Garri is one of the mostly consumed food in Africa, especially in west African countries (mostly in Nigeria).

It is made from cassava and is a good source of carbohydrate. It also contains fats and more of starch.

Now, garri processing itself consumes time and energy depending on the amount of cassava used.

The procedures involved in processing garri includes…

You’ll have to harvest the cassava from the farm, peel off the back, wash it properly and take it to a cassava mill where it will be grinded (this takes the whole day).

After grinding, for yellow cassava, adding red oil is optional because it already contains yellow pigments. But for white cassava, mix it very well with red oil and pack it into industrial bags.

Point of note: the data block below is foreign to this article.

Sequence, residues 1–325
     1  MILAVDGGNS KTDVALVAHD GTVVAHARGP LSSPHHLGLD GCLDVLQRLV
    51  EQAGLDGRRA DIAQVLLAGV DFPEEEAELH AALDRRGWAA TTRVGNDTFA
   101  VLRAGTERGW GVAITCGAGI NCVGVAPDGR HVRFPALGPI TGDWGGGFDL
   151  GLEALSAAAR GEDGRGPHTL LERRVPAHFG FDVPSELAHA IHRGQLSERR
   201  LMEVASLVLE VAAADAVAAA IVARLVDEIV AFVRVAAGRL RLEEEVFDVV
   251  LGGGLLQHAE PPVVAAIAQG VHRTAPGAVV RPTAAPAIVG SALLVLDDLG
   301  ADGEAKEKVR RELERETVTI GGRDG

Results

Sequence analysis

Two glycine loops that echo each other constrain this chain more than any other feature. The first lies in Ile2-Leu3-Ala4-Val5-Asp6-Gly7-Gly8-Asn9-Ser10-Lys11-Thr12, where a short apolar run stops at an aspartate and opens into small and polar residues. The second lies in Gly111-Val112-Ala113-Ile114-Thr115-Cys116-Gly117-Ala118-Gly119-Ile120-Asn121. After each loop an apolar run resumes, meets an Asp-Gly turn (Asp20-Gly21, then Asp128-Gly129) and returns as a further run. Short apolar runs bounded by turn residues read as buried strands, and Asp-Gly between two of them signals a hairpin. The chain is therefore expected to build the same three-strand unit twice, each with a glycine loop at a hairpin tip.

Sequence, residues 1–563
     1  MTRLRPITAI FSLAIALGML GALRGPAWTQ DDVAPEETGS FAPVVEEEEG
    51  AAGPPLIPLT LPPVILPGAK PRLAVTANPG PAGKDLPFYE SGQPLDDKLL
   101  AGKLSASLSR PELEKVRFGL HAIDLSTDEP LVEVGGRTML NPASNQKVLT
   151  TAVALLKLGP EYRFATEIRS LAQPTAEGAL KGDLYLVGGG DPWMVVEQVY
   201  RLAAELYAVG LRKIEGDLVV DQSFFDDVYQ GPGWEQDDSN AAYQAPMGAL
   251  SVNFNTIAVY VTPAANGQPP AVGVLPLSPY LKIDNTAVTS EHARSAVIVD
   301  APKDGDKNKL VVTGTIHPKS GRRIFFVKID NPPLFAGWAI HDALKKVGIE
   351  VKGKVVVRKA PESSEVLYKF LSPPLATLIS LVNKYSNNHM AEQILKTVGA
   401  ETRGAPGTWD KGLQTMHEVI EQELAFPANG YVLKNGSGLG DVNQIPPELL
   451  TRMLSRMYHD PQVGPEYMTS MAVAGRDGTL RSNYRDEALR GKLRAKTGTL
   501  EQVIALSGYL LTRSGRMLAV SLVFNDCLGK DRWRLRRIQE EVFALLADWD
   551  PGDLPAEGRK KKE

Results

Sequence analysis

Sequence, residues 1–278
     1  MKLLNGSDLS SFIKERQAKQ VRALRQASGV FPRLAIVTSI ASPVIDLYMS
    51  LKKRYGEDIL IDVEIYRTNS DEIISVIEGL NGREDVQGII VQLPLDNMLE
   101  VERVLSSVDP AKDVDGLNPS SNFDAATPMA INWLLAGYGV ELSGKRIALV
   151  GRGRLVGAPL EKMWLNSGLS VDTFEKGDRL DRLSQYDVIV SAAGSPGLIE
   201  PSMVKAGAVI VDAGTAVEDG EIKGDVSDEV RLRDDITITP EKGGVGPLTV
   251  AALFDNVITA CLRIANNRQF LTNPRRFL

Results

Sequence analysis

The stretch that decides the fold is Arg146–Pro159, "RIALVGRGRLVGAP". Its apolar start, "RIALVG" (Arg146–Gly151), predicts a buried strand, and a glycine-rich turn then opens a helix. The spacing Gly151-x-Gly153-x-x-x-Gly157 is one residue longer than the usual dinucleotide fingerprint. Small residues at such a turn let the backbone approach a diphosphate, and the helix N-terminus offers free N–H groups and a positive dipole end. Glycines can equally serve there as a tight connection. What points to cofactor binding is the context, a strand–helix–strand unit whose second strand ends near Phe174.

But if you want a white garri, after grinding, pack it into the bags without adding red oil and drill to dry.

When the cassava is dry, sieve off the cassava powder from the chaff with cassava sieve (nyo). For some people, they leave it for 3 to 4 days before sieving and frying; while some prefer to fry sieve and fry it the following day.

To fry the garri, add some of the cassava powder into a large local pan known as “nja” and fry until it is dry.

While frying, you can add some red oil into the cassava powder to get a more yellow garri, but that is optional.

At this point, the garri is ready for consumption and packaging id you’re selling.

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